Sen. Kaine, GOP opponent spar during first campaign debate

Free Press wire reports | 7/26/2018, 6 a.m.
Democratic U.S. Sen. Tim Kaine and Republican Corey Stewart, candidates in Virginia’s U.S. Senate race, had a quarrelsome first debate ...
U.S. Sen. Tim Kaine, left, gestures during the debate last Saturday with his Republican opponent, Corey Stewart. The event, held at The Homestead resort in Hot Springs, was sponsored by the Virginia Bar Association. Steve Helber Associated Press


Democratic U.S. Sen. Tim Kaine and Republican Corey Stewart, candidates in Virginia’s U.S. Senate race, had a quarrelsome first debate last Saturday, with President Trump serving as a frequent focal point of the sparring.

Mr. Stewart, an outspoken acolyte of President Trump and one-time state chairman of Mr. Trump’s presidential campaign, accused Sen. Kaine of being an ineffective elitist who puts his opposition to the president above all other considerations. He said Trump-backed tax cuts and increases in military spending were helping Virginia’s working class and chided Sen. Kaine for not being more supportive.

“Whether it’s good for Virginia or bad for Virginia, he opposes everything that President Trump does automatically,” Mr. Stewart said.

Sen. Kaine, a former vice presidential candidate seeking his second term in Washington, said he has worked with Mr. Trump on areas of common agreement but always puts Virginia’s interests first. Sen. Kaine said he is a needed check against the president.

The debate, sponsored by the Virginia Bar Association and held at the posh Homestead Resort in Bath County, featured plenty of sharp exchanges and was often punctuated by boos and jeers from the crowd. Previous VBA debates have been much more staid.

The audience burst into laughter when Mr. Stewart said President Trump was “standing up” to Russia.

“If there’s anything that demonstrates the difference between us, it’s Corey Stewart standing up here and saying that President Trump is standing up to the Russians,” Sen. Kaine said. “President Trump is caving to the Russians.”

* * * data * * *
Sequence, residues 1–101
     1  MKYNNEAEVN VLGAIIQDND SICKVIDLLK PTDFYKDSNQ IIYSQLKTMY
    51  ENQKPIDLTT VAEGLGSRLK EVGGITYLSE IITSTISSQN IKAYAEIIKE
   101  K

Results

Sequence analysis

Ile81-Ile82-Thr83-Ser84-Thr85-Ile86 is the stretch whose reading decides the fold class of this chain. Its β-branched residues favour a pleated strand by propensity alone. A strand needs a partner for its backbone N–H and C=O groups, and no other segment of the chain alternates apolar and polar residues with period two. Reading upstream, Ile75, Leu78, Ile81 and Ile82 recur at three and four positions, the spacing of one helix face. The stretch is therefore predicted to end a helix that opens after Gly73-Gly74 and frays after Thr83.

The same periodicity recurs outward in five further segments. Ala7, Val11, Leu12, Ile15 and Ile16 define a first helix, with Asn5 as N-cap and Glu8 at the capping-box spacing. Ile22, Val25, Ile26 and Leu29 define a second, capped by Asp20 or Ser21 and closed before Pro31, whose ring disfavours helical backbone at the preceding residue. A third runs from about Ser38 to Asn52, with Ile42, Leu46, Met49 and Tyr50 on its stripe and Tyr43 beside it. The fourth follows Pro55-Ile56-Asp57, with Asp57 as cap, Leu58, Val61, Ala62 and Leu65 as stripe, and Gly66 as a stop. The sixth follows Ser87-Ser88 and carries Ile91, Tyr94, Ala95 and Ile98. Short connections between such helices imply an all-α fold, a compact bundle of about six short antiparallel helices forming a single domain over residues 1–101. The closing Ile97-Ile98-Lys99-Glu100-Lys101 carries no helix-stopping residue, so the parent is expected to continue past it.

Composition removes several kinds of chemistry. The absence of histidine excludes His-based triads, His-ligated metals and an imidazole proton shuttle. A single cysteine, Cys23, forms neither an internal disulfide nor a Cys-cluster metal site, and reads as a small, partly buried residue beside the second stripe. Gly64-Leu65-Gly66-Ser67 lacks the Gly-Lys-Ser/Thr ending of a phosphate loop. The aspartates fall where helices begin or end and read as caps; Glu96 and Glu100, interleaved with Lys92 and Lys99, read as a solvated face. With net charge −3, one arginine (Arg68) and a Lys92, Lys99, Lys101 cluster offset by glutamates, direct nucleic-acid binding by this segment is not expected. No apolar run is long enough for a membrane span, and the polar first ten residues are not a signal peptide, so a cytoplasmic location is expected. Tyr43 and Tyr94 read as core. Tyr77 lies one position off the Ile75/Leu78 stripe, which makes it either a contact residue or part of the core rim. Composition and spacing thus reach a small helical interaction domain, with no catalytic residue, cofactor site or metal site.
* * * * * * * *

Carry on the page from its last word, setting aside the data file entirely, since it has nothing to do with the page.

Officials in both political parties have grown increasingly concerned about Mr. Trump’s cozy relationship with Russian President Vladimir Putin.

Mr. Stewart’s full embrace of Mr. Trump puts him at odds with many elected Virginia Republicans, who have tried to keep their distance from the president. Virginia’s growing urban and suburban areas have made the state increasingly friendly to Democrat, including in November 2016, when Democratic presidential candidate Hillary Clinton and Sen. Kaine, her vice presidential running mate, won Virginia.

Republicans haven’t won a statewide election in the Old Dominion since 2009.

Sen. Kaine is an early favorite to win re-election; national attention and deep-pocketed outside groups are more focused on other Senate races. The former governor has a huge cash advantage over Mr. Stewart, who has never run in a statewide general election campaign.

Mr. Stewart, a conservative provocateur and defender of Confederate monuments, launched several broadsides against Sen. Kaine’s record as governor and in the Senate.

“He’s too weak, he’s too liberal, and he’s got nothing done,” Mr. Stewart said.

Earlier, he said his previous promises to run a “vicious” campaign against Sen. Kaine means he’ll be “brutally honest” about Sen. Kaine’s record and not attack him personally.

Sen. Kaine accused Mr. Stewart of lying in order to deflect criticism for his past associations with unsavory people. Sen. Kaine said it was “disgraceful” that Mr. Stewart had campaigned in support of Judge Roy Moore, a defeated U.S. Senate candidate in Alabama who was accused of sexual misconduct.

Sen. Kaine said Mr. Stewart’s campaign strategy was clear: “Make it nasty, make it personal, or make it up.”